The more I read about WindowsRT the less it appeals. The thing that did surprise me is that the Tegra3 chipsets were even slower that the Intel Atom range. I'd have expected them running a dedicated stripped down OS without any legacy baggage to be quicker but in most of the benchmarks they're around half the speed of Intel's latest atom chipset!
ARM is actually quite slow at anything it is not specificly designed to do and has a much narrower set of instructions than x86. The intel stuff is generally going to have the raw power over it the whole time. ARM is very good efficiency wise as it is a 'flying gas can' type cpu that just has what it needs. It means that watt for watt it can equal or better the x86 stuff at the moment but you do need more of them.
Where ARM excels at the moment is integration of discrete tasks, stuff like x264 decode, noise cancellation etc. are baked in so that certain tasks can be run in hardware like an ASIC or FPGA. This allows those tasks to run quickly with low power use but if you go outside that window of prehardcoded stuff you're stuffed like Apple and its Siri issues thanks to lack of noise cancellation on earlier phones. A beefier CPU could have easily done it in software but at the expense of power consumption.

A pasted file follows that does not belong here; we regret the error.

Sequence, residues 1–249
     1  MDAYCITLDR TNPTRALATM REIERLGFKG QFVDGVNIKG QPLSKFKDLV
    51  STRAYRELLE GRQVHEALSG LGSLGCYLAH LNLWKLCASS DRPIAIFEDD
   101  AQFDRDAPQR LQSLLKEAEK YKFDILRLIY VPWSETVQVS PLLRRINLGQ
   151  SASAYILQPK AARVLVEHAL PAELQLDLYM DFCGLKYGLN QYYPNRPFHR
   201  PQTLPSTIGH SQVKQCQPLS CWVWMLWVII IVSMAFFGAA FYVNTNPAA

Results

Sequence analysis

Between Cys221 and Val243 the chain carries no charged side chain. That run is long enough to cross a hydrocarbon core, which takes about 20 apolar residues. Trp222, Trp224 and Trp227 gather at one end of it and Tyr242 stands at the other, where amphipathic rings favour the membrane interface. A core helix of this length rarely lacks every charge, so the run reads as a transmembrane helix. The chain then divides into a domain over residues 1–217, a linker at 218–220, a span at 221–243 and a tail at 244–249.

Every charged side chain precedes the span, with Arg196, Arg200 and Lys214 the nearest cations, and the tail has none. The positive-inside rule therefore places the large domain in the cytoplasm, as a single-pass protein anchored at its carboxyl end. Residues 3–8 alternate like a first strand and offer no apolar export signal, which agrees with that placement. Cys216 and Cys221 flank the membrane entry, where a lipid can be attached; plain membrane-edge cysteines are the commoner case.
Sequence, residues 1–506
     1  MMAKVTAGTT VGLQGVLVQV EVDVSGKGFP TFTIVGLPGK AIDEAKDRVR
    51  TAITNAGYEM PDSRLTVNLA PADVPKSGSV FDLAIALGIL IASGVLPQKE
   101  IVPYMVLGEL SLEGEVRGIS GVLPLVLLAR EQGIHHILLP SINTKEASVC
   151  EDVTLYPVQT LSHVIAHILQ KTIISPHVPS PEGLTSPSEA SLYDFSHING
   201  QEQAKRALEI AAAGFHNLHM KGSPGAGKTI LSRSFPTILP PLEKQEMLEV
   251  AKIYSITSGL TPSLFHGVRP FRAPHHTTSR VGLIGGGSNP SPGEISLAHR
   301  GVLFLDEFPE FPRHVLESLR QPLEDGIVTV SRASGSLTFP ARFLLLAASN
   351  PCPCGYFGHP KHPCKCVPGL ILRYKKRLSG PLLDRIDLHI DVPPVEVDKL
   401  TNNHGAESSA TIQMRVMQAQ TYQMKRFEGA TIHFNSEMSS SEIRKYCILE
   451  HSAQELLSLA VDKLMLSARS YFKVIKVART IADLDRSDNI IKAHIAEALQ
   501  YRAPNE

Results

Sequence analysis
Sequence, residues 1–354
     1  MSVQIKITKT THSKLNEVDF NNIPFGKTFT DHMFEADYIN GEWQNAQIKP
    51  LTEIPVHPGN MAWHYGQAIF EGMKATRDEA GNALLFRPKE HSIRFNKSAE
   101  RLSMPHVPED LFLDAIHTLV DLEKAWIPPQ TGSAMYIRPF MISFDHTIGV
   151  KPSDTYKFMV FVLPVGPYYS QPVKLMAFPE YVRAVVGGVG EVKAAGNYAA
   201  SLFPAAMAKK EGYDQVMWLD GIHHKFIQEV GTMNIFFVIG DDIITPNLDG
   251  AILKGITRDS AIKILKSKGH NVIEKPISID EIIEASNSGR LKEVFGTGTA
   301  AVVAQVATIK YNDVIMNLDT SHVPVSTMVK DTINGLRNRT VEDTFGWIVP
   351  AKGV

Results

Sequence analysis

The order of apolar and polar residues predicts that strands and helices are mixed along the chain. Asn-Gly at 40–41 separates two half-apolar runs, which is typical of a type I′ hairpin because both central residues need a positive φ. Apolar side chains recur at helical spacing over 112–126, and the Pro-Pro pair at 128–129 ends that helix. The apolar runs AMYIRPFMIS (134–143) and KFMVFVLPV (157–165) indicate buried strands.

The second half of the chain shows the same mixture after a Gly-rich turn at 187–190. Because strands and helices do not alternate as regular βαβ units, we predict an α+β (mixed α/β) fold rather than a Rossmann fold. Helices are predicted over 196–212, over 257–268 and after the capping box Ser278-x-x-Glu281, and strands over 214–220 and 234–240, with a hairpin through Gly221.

A six year old 1.6 GHz Intel Core Solo will be faster than a 1.5 GHz quad-core Tegra 3 tablet for any apps not specially designed for the SoC! :eek:
When does the Surface with windows 8 get released cant find a specific date? Not interested in the RT version as being able to utilise applications we already have is an important aspect of the trial and one which the RT apparently cant fulfil.
With regards to the query about Windows 8 RT - Any software that needs to be run on Windows 8 RT have to be separate applications written for the Windows 8 RT Operating System and have to be approved by Microsoft and placed in the Windows Store.
As such, we have no plans to support Windows 8 RT for the SIMS.net system.
I want a Pro but if it's going to be the best part of £1000 I'll stick with a laptop... this touchscreen revolution seems to be a good excuse to ramp prices (and profit margins) right back up after PCs \ laptops had pretty much hit the bottom line price-wise
localzuk said and SCCM 2012 SP1 can install them too.
When it comes to building a Metro style app for business users.....You have two options available:
*Make the app available through the Windows Store, which means the app must adhere to the same certification policies and process required for all apps in the Store
*Build the app internally or sell it directly to the enterprise, which means IT admins must distribute the app directly to end-users within the enterprise, without involving the Store.
SCCM 2012 SP1 can do both windows store apps and appx files, as well as iOS ipa, iOS store application, google play application and android apk files!